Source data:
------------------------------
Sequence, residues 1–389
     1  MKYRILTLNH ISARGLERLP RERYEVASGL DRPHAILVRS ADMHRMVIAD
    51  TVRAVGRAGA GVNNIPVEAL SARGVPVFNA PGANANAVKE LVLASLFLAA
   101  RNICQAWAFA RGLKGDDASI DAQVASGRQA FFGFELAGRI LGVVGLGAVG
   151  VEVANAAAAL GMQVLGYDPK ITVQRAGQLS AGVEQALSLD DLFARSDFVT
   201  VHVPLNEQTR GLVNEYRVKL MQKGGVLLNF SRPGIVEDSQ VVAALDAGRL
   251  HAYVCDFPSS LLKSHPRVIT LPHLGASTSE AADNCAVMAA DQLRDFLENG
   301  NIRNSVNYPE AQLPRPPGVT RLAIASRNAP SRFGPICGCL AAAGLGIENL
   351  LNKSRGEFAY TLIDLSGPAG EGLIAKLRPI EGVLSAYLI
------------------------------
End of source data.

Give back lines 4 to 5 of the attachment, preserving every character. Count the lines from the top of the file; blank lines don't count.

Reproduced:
   101  RNICQAWAFA RGLKGDDASI DAQVASGRQA FFGFELAGRI LGVVGLGAVG
   151  VEVANAAAAL GMQVLGYDPK ITVQRAGQLS AGVEQALSLD DLFARSDFVT